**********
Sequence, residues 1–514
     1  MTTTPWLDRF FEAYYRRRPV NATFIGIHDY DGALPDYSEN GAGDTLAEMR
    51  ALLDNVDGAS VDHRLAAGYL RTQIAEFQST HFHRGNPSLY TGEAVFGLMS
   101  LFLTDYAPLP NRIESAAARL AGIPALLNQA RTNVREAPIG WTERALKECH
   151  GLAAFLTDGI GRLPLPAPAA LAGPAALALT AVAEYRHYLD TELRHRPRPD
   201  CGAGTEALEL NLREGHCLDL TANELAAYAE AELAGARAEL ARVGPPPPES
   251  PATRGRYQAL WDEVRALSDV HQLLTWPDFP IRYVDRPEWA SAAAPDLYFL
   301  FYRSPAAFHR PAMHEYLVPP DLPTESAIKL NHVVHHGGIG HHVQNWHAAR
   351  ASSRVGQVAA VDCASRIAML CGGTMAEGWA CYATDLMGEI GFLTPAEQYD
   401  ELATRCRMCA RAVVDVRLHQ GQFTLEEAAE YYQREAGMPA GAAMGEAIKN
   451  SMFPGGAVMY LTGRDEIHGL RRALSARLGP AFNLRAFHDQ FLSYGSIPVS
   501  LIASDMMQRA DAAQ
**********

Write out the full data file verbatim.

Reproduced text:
Sequence, residues 1–514
     1  MTTTPWLDRF FEAYYRRRPV NATFIGIHDY DGALPDYSEN GAGDTLAEMR
    51  ALLDNVDGAS VDHRLAAGYL RTQIAEFQST HFHRGNPSLY TGEAVFGLMS
   101  LFLTDYAPLP NRIESAAARL AGIPALLNQA RTNVREAPIG WTERALKECH
   151  GLAAFLTDGI GRLPLPAPAA LAGPAALALT AVAEYRHYLD TELRHRPRPD
   201  CGAGTEALEL NLREGHCLDL TANELAAYAE AELAGARAEL ARVGPPPPES
   251  PATRGRYQAL WDEVRALSDV HQLLTWPDFP IRYVDRPEWA SAAAPDLYFL
   301  FYRSPAAFHR PAMHEYLVPP DLPTESAIKL NHVVHHGGIG HHVQNWHAAR
   351  ASSRVGQVAA VDCASRIAML CGGTMAEGWA CYATDLMGEI GFLTPAEQYD
   401  ELATRCRMCA RAVVDVRLHQ GQFTLEEAAE YYQREAGMPA GAAMGEAIKN
   451  SMFPGGAVMY LTGRDEIHGL RRALSARLGP AFNLRAFHDQ FLSYGSIPVS
   501  LIASDMMQRA DAAQ